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Philosophy 2010; Week 1-3

by: Natalie Neugebauer

Philosophy 2010; Week 1-3 Phil 2010 016

Natalie Neugebauer

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About this Document

In class notes from week 1 through 3
Introduction to Philosophy
Calvin H. Warner
philosophy, Utilitarianism
75 ?




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This 3 page Bundle was uploaded by Natalie Neugebauer on Friday January 29, 2016. The Bundle belongs to Phil 2010 016 at Georgia State University taught by Calvin H. Warner in Winter 2016. Since its upload, it has received 128 views. For similar materials see Introduction to Philosophy in PHIL-Philosophy at Georgia State University.


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Date Created: 01/29/16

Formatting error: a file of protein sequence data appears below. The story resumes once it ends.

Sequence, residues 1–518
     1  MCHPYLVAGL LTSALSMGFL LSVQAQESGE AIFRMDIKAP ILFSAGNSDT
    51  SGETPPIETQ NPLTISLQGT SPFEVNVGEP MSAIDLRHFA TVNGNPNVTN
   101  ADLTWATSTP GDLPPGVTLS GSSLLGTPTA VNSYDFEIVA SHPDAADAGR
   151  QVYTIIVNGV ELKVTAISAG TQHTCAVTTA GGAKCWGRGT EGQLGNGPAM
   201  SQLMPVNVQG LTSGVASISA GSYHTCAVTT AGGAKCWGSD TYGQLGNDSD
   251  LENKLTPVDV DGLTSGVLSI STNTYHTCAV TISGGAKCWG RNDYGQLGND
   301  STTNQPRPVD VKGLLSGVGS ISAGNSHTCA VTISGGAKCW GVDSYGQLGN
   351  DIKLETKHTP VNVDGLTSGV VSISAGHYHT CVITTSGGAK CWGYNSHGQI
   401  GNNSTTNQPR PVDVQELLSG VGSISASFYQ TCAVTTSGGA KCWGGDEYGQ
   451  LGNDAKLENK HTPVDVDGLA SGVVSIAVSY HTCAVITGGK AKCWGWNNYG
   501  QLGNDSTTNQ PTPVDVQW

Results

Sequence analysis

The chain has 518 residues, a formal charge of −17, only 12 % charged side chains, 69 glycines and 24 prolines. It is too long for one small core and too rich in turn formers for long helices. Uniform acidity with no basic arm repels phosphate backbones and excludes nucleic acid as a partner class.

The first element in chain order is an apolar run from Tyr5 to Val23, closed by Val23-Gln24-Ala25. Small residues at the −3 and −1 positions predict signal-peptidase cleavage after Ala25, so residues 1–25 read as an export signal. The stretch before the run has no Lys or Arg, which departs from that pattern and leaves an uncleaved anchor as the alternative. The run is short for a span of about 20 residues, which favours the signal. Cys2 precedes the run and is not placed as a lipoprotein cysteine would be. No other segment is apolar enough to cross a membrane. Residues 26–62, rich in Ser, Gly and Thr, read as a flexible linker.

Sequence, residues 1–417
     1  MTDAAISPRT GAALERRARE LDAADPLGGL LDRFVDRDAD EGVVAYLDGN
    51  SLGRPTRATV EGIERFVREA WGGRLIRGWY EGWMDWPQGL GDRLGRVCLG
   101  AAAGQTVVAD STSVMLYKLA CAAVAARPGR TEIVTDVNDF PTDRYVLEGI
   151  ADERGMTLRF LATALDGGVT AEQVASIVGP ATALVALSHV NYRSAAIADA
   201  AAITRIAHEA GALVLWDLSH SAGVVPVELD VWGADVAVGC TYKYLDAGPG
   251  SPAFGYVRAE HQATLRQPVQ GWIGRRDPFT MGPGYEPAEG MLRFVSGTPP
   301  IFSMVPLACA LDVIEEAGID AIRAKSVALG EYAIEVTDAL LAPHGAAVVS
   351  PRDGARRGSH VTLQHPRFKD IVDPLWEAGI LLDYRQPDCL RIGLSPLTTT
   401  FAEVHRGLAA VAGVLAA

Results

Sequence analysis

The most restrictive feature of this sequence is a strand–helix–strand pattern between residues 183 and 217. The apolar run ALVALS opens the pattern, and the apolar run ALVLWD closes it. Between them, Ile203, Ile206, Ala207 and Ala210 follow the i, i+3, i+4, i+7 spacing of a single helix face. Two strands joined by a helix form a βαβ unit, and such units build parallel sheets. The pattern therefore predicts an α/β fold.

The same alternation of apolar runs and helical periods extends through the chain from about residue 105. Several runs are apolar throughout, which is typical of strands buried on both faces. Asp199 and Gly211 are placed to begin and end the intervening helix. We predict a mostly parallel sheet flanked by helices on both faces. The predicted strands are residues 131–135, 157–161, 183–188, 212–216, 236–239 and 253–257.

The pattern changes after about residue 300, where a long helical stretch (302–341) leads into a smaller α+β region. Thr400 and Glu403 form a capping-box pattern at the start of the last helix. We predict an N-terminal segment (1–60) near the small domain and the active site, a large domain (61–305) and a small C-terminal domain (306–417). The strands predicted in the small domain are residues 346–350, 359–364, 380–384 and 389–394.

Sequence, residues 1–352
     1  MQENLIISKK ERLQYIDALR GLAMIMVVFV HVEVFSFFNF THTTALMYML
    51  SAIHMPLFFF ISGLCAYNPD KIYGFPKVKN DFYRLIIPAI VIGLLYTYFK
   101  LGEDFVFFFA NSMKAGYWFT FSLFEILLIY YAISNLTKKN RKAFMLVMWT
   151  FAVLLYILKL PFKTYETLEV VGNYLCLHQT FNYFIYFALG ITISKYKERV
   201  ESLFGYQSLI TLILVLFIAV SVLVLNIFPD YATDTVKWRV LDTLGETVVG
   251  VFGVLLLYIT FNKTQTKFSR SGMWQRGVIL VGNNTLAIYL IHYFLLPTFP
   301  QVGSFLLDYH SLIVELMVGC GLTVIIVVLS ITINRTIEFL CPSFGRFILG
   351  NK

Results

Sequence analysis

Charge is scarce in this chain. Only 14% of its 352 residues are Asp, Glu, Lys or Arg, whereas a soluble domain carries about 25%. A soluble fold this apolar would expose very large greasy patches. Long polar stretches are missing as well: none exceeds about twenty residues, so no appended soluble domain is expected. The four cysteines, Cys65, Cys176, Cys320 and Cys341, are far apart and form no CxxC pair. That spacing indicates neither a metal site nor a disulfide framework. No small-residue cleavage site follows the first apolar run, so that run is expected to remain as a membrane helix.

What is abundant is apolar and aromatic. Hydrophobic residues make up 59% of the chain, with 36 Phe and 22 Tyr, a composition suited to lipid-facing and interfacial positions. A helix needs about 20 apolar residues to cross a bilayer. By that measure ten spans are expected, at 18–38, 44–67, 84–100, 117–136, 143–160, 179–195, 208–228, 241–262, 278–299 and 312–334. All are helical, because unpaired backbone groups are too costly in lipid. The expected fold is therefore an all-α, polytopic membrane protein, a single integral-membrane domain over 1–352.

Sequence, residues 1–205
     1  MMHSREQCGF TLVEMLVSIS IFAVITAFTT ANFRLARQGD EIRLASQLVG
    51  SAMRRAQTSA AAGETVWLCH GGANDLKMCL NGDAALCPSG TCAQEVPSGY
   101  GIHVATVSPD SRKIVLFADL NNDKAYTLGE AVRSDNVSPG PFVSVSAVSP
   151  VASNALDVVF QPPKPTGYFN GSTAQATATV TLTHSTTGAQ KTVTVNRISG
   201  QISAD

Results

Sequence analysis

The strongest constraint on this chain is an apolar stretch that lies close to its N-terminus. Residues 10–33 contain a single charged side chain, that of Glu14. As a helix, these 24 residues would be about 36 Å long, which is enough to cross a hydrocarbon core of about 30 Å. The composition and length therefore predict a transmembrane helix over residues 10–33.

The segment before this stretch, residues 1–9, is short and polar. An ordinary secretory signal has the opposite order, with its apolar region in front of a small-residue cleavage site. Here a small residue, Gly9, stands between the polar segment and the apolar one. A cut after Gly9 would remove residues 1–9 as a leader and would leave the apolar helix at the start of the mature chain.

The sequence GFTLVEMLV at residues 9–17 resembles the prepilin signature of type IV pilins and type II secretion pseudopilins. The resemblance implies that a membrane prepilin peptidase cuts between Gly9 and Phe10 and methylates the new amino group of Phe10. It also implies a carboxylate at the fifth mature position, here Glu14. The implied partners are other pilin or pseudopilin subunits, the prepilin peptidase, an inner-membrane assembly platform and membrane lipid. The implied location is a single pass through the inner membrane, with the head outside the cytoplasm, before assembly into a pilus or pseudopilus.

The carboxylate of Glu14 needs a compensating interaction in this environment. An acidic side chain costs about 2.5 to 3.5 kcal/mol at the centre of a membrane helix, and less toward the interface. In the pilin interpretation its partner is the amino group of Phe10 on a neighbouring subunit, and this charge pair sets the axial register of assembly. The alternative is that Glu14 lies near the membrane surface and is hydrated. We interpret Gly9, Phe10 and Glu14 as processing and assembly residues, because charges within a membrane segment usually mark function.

01/25/2016 See Philosophy Notes on Benedict document 01/27/2016  What is a fact? What are examples of facts? - Something that can be validated - Statements - Widely accepted - Irrefutable - Based on evidence  What kind of facts are there? - Scientific, mathematical, personal - Logical - Historical  Give examples: - Example: It is a fact that Sam is sad That Sam is sad is a fact That 2 + 2 = 4 is a fact  What is a fact? Facts are fats in virtue of their correspondence to the way the world actually is. Facts are true independent from our own attitudes and values, and true regardless of what anyone thinks about them. And, they cam be confirmed or at least some reason can be given for believing them. A sentence is true if it corresponds to a fact.  If we can’t confirm something, or if we cant give a good reason for believing in it, then we should assume it is not the case until new evidence comes along.  What are Mackie’s two arguments against believing in moral facts? Formal Version of Mackies’s Agrument for Skepticism Premise 1: The existence of objective morality depends on the existence of moral facts Premise 2_ We do not have good reasons to think oral facts exists Conclusion: Therefore, we do not have good reason to think moral facts exists.  Argument from Relativity  Argument from Queerness Introduction to Philosophy Benedict- A Defense of Moral Relativism 2016-01-25 Conformity Benedict claims that people tend to conform to the moral values of their culture. Benedict claims that “The vast majority of individuals in any group are shaped to the fashion of that culture. In other words, most people are plastic to the molding force of the society into which they are born.” “The small proportion of the number of deviants in any culture is not a function of the sure instinct with which that society has built itself upon the fundamental sanities, but of the universal fact that, happily, the majority of mankind quite readily takes any shape that is presented to them.” Societies are not built upon a preexisting sanity, but create normality. Normality/Abnormality, value, Disenfranchisement, and Individuals Normal and abnormal categories: “One of the most striking facts” that emerges from the study of other cultures is that what we take to be abnormal often is not considered abnormal in other cultures - often what we consider to be abnormal is privileged behavior. Benedict is saying that 1. We conflate moral goodness (e.g. the statement “it is morally good”) with preferences and habits (e.g. the stamen “it is habitual”) 2. We imagine universal moral principles because we conflate the idea of universal moral goodness (e.g. the statement “it is morally good” with preferences and habits (the statement “it is habitual”). 3. If we did not make this conflation, we would recognize that universal moral values are a fiction. Objections: Same values, but recognized in different ways (piety, respect for elders, etc.) In other words, the differences between cultures are exaggerated, and focus on outliers. Relativism treats cultures as ideologically unified, in opposition only with other cultures. The reality is that there is tremendous internal disagreement in any given culture. Moral reform is impossible and moral reformers are always wrong. Societies can never be self-critical, since there is no external moral truth, only the internal truth of what the society already does.


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